2nd Review Conference of the 1980 Convention on Certain Conventional Weapons: a proposal for a new Protocol on Explosive Remnants of War
The ICRC has proposed that States Parties consider the adoption of a new protocol to the CCW which could significantly reduce the human casualties and socio-economic consequences caused by explosive remnants of war.
The United Nations Convention on Certain Conventional Weapons (CCW)(Protocol I)(Protocol IV) , adopted in 1980, seeks to minimize the effects of certain weapons in conflict and post-conflict situations. The Convention is the primary instrument of international humanitarian law regulating weapons which may have indiscriminate effects or cause unnecessary suffering or superfluous injury. The Convention contains two protocols which prohibit weapons employing fragments not detectable by X-rays and blinding laser weapons .
Two others place limitations on the use of landmines, booby traps and similar devices (Protocol II ) and incendiary weapons (Protocol III) due to thei r potentially indiscriminate effects. It also requires certain steps be taken after the conflict to limit the effects of landmines, booby traps and other devices on civilian populations and to facilitate the clearance of these munitions.
The second Review Conference of the CCW will be held 11 to 21 December 2001 in Geneva. One of the purposes of the Conference is to consider proposals to strengthen and develop the rules to minimize the effects of certain weapons. It provides an important opportunity for the international community to address the problems caused of explosive remnants of war.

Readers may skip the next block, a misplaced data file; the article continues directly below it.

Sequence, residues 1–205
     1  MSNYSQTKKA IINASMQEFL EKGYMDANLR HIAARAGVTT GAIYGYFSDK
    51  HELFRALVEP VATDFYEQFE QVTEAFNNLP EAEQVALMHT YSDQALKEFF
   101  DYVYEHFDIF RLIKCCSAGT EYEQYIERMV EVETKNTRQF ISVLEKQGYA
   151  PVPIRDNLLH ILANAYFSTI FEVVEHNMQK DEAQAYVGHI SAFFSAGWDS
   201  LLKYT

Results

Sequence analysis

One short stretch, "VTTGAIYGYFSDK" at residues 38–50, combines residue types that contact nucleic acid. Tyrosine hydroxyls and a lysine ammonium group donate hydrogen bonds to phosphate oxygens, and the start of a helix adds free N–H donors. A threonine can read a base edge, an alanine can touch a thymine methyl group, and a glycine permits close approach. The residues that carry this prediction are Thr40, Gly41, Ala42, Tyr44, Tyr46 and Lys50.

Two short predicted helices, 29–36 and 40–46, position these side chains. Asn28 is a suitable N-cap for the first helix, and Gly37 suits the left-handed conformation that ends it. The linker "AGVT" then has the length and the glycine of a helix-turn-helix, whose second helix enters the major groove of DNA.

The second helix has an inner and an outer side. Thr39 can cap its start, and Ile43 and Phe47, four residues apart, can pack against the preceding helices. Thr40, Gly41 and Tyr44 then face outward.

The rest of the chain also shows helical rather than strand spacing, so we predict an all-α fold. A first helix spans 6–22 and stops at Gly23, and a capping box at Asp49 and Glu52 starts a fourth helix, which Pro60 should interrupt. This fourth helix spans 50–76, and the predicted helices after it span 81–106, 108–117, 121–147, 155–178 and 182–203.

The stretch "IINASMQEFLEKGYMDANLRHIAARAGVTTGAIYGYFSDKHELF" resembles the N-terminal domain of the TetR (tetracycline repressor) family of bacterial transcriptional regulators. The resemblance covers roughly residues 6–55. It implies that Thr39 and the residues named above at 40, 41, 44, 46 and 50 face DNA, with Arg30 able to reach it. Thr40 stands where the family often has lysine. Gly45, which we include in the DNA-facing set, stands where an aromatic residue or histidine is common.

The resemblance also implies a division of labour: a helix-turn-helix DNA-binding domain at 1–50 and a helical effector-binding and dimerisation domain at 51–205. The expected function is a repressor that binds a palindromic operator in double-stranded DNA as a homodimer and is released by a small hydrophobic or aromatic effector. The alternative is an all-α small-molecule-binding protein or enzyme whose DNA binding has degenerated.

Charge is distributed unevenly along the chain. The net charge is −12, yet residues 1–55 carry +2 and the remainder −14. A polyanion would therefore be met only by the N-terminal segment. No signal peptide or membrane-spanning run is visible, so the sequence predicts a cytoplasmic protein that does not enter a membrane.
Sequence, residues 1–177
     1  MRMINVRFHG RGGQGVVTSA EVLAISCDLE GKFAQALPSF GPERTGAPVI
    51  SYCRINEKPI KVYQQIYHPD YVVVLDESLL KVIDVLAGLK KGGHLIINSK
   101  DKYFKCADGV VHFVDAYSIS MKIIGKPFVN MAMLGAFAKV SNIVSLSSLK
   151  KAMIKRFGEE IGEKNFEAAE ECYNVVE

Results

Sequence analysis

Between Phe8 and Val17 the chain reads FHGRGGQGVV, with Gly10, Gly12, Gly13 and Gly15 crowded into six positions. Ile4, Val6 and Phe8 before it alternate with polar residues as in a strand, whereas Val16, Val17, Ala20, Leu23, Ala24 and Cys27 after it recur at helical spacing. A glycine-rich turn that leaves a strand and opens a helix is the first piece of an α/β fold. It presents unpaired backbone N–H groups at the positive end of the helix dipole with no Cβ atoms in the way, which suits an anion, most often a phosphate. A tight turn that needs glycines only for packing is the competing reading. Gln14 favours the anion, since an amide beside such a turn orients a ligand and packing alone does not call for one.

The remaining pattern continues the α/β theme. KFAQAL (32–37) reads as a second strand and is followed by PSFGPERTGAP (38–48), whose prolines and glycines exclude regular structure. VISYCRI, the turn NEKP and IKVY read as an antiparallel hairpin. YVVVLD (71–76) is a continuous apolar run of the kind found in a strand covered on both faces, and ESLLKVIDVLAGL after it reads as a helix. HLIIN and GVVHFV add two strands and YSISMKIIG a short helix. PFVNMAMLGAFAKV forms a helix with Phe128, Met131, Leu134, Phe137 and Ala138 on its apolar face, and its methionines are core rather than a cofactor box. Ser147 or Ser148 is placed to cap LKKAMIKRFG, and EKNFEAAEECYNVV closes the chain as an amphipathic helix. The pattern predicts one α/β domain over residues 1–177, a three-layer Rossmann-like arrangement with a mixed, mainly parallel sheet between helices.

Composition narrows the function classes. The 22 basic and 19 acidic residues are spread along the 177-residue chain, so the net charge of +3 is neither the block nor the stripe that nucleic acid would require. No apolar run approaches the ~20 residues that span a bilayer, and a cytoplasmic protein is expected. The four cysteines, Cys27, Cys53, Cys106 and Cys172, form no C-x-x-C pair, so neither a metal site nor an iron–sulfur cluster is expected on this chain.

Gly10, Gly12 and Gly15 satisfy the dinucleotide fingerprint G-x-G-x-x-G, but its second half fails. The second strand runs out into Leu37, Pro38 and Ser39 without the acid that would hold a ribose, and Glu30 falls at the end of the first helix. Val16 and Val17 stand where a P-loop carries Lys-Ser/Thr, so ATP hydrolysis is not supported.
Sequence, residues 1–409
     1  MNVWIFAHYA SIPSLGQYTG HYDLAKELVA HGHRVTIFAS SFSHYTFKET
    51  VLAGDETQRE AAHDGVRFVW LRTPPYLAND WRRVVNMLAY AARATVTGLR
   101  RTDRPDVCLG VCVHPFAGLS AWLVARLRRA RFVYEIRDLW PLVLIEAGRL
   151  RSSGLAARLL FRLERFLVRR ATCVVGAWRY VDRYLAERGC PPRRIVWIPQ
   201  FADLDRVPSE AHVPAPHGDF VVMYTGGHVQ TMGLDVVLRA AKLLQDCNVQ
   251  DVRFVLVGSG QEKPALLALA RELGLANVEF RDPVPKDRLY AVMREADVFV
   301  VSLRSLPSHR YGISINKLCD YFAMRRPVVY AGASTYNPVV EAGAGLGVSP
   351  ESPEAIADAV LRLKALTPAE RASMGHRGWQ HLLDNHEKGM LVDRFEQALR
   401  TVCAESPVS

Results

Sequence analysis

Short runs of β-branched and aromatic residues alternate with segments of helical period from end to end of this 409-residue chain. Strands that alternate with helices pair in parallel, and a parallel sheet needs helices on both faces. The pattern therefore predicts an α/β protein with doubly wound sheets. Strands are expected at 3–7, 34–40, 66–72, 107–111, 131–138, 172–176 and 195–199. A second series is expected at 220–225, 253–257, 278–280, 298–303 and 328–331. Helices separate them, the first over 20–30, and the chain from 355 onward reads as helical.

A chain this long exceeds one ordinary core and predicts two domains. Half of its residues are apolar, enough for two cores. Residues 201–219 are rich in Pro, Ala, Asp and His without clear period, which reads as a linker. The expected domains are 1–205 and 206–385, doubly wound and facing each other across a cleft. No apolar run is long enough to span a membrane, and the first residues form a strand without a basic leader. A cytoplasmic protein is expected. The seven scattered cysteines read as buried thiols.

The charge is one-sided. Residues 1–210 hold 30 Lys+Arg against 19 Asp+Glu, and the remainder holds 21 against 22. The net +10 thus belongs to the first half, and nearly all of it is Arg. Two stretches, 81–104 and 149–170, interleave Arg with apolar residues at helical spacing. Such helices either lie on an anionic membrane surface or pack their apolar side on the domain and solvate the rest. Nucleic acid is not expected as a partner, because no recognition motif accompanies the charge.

The ICRC has proposed that States Parties consider the adoption of a new protocol to the CCW which could significantly reduce the human casualties and socio-economic consequences caused by explosive remnants of war. As proposed by the ICRC, the protocol would
establish a responsibility for those who use explosive munitions to clear those which remain following the end of hostilities or providing the technical and material assistance needed to ensure such clearance. This responsibility could be supported by a variety of technical measures including, for example, a requirement that munitions (including submunitions) be equipped with self-destruction mechanisms and a requirement that they be made detectable.
require the rapid provision of technical information to the UN and demining bodies to facilitate swift clearance and minimize risk to clearance personnel
require those who use munitions likely to have long term effects to provide information to organizations conducting mine/UXO awareness and provide effective advance warning to the civilian population about the d elivery of such munitions;
prohibit the use of submunitions against any military objective located within a concentration of civilians.
The next steps
There are a wide range of legal, military and technical issues which need to be examined in relation to this proposal. Thus, formal negotiation of a treaty text is not expected when the Review Conference convenes in December. Rather, it is expected that the Conference will adopt a mandate for further work on this subject by government experts beginning in 2002. Such work has received wide support from governments during the Review Conference Preparatory process. The meetings of the expert group would be open to all States Parties as well as observer States. It is hoped that governments from war-affected countries, in particular, will participate in this work and bring their expertise and experience to the discussions.